I have had primary progressive multiple sclerosis for 28 years. Following a series of medical, alternative and spiritual interventions, the MS went into full remission 13 years ago. I work full time and have written two books. I excercise and can run if I have to.
I just received my third infusion of Ocrevus which you only need to do every six months.
My writing continues to be legible and I have had no significant side effects from the Ocrevus medication. Part of the reason I am writing this is to express my thanks to all the people and to the universe/God (they are one and the same in my mind) who helped create this miracle.
Whenever you talk to enlightened prople who are “awake,” it is virtually unanimous that gratitude is a very important part in continuing a creative and positive dance with the universe. When working on manifesting a change in your life, many suggest that expressing gratitude as if the miracle has already occurred is most effective.
In my world, it has been most effective to condition myself to at least allow for the possibility that the miracle could occur such as what follows:
“I am willing to consider that I could allow myself to learn that the miracle could occur.”
For myself, I have found that allowing for the conceivable possibility that a miracle could occur is what has mainly helped me. For me, it is more believable and a lot less stressful than proclaiming that the virtually impossible has already happened. Regardless, it is important to maintain a positive attitude of gratitude so that the best possible outcome for all can be achieved.
You can listen to how I did it at https://www.audible.com/pd/Multiple-Sclerosis-Mission-Remission-Healing-MS-Against-All-Odds-Audiobook/B07KFPTRTX
The beginning of Multiple Sclerosis Mission Remission: Healing MS Against All Odds can be heard at the following link:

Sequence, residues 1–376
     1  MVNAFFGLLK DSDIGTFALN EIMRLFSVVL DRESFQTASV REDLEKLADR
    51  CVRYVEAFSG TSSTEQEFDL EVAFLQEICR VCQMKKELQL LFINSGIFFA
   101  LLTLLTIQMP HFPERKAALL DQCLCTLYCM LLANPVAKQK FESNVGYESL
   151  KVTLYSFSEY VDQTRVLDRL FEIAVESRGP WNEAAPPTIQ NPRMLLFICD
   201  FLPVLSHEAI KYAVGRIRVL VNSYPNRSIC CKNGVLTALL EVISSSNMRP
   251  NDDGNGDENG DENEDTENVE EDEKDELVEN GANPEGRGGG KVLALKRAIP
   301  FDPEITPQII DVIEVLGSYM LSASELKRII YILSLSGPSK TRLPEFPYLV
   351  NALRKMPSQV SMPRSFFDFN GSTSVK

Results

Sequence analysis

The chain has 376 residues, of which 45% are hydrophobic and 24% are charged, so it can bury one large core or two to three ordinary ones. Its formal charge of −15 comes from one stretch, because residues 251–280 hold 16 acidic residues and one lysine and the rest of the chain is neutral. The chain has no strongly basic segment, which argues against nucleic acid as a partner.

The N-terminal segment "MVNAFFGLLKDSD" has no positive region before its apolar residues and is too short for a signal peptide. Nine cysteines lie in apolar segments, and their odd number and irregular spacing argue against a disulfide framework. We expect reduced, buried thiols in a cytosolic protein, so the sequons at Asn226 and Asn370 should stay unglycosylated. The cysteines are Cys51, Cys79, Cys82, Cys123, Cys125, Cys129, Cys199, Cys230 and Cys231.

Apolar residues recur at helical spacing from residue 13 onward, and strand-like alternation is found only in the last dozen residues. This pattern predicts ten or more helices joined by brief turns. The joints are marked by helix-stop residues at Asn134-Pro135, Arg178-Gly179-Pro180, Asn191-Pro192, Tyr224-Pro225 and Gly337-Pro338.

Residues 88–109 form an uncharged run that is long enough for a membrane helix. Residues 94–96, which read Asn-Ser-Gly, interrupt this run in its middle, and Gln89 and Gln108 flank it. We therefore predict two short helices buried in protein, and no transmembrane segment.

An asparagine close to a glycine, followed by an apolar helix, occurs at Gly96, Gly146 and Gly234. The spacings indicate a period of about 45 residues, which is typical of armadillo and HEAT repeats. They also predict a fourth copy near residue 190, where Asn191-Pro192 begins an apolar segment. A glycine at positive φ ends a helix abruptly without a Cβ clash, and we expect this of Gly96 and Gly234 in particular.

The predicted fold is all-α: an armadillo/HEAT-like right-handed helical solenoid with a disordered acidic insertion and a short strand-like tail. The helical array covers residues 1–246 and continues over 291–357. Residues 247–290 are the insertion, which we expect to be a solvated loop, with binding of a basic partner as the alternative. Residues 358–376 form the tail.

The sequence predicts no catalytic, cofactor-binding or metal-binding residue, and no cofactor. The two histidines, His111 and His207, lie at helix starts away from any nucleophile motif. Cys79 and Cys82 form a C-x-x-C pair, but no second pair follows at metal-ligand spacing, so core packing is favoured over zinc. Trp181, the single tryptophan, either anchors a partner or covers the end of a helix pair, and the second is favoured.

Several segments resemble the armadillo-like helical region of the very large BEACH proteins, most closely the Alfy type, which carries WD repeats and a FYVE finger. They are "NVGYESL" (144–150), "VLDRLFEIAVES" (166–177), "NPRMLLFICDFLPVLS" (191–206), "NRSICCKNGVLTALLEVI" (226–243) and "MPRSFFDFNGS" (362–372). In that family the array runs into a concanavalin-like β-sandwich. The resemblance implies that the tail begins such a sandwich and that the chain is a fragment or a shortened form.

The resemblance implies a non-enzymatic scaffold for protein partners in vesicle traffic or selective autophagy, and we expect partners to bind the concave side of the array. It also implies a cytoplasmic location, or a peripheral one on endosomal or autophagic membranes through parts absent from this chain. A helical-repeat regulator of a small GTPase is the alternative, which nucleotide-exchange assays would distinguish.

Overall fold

The audiobook can be purchased at https://www.audible.com/pd/Multiple-Sclerosis-Mission-Remission-Healing-MS-Against-All-Odds-Audiobook/B07KFPTRTX
Post 18: Vitamjn D may help your thinking
Researchers have been surprised with how strong the correlation between low levels of vitamin D and dementia is. it is best to take vitamin D through fortified foods such as milk or pills to avoid cancer caused by the sun. It is unproven at this point whether vitamin D supplementation can reverse or slow dementia, so stay tuned. See https://www.alzheimers.net/8-27-14-vitamin-d-and-dementia/
Reading “Multiple Sclerosis Mission Remission” can improve your thoughts about healing.
Vitamin D Mania!
Post 17: when getting your D is good
Neurologists are seeing the light regarding the importance of vitamins. I always took about 400 units of vitamin D. My neurologist recently recommended that I increase it to 20,000 units. They are getting research results implicating low levels of vitamin D with increased risk for multiple sclerosis. And beyond that, as noted in the chart above, low levels of vitamin D may play a role in many diseases.
See helpful healing to chronic disease described in my book “Multiple Sclerosis Mission Remission: Healing MS Against All Odds” available at amazon.com.
“Multiple Sclerosis Mission Remission” is available as an audiobook at: